You probably never give your tyres a second thought, but as Richard Dredge explains, a few regular basic checks might just save your life
Filling two pages on rubber products should get your juices flowing, but you might be a bit disappointed when I mention that nothing covered here will be found in the Ann Summers catalogue. Instead we’re going to talk about the rather less sexy subject of tyres, and how essential their maintenance is.
While that may sound dull, neglect the rubber rings that prop your car up and you could be heading for a whole heap of trouble. Your tyres are the only thing that keep your car in contact with the road, and if something goes wrong with any of them, you could be on the wrong side of the law – or worse. As with anything in life, when something just gets on quietly with its job, you forget about it until everything goes pear-shaped. That’s the situation tyres are in; they’re so reliable nowadays that they’re usually forgotten about until it’s too late. Even worse, when tyres are replaced, many drivers opt for the cheapest items they can find, in a bid to keep costs down. That’s to be expected when your beer tokens can be spent on all sorts of other stuff (like beer, for example), but it could prove a false economy.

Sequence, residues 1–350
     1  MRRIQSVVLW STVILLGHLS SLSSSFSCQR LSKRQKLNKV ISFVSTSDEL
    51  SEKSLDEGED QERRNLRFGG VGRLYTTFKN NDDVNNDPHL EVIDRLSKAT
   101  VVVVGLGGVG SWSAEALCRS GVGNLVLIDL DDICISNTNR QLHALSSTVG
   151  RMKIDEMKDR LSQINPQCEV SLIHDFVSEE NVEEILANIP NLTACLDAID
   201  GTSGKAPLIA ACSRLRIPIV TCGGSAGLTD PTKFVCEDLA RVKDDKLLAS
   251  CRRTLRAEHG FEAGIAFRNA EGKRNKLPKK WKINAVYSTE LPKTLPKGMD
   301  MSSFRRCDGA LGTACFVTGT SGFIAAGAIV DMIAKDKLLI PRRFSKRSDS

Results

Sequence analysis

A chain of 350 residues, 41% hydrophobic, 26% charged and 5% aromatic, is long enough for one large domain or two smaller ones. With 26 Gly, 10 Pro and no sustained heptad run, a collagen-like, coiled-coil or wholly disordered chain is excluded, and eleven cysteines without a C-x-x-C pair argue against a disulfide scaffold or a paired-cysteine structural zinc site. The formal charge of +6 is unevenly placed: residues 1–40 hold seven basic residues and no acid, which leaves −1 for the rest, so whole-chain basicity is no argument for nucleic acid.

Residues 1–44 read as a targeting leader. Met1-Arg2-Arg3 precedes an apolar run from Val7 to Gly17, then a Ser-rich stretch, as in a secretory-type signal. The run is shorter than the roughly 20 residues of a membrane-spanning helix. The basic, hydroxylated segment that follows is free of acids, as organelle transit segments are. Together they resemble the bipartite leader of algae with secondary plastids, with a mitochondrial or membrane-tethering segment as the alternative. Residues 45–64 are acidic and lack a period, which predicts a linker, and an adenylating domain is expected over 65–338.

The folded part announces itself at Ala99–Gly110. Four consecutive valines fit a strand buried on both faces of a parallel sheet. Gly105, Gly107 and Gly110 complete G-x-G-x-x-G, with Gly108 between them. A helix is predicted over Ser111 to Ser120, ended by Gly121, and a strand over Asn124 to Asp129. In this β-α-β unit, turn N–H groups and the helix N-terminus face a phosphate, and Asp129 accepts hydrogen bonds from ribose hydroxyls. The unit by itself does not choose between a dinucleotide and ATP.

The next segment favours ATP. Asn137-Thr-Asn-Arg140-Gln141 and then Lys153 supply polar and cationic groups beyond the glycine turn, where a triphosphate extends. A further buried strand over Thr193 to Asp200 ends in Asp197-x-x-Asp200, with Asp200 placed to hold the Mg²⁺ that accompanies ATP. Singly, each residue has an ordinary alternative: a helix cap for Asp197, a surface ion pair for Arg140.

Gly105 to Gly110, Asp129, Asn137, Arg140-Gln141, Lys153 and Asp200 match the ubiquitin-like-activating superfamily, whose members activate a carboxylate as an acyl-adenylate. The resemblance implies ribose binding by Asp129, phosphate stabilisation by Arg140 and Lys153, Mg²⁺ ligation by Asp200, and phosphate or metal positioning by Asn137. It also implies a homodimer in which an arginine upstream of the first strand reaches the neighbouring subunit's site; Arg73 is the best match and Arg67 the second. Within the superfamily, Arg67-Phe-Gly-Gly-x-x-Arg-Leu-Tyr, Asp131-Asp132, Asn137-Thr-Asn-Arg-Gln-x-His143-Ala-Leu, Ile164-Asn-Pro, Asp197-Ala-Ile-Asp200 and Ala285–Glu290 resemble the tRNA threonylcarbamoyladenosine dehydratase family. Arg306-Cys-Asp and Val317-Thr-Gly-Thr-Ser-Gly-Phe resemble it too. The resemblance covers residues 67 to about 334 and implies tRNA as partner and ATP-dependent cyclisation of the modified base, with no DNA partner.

A trap I once fell into was to fit some cheap tyres to my car, as they cost about a third less than the branded items I should have gone for. Within 12,000 miles they’d worn out, whereas the more expensive tyres would have gone on for 30,000. Do the sums and you’ll quickly see it’s a false economy to skimp when buying. The problem is, there’s no wear rating on UK tyres, so at buying time you have no idea how long they’ll last. That’s why you need to tell your tyre retailer that you don’t mind paying a bit more for some tyres that won’t wear out after a few trips round the block. The same rules apply where remoulds are concerned; these are tyres which have already seen a whole life cycle, but which then have a fresh layer of tread applied so they can be re-used. They’re perfectly safe and legal, but because the structure of the tyre has already gone through one life cycle, they’re designed to wear out more quickly the second time round. You’ll save money initially, but you’ll then have to fork out on fresh rubber more quickly than if you’d bought ‘conventional’ tyres.
There’s also the option of buying used tyres, which is also perfectly legal – but often far from safe. You have to consider why the tyres are being sold; there’s a good chance that it’s because the car they were originally fi tted to, was involved in a crash that destroyed it. Recently, Continental Tyres took a look at some of the used tyres available and found that some were already worn to the point of being illegal, while others were poorly repaired or in an otherwise dangerous condition.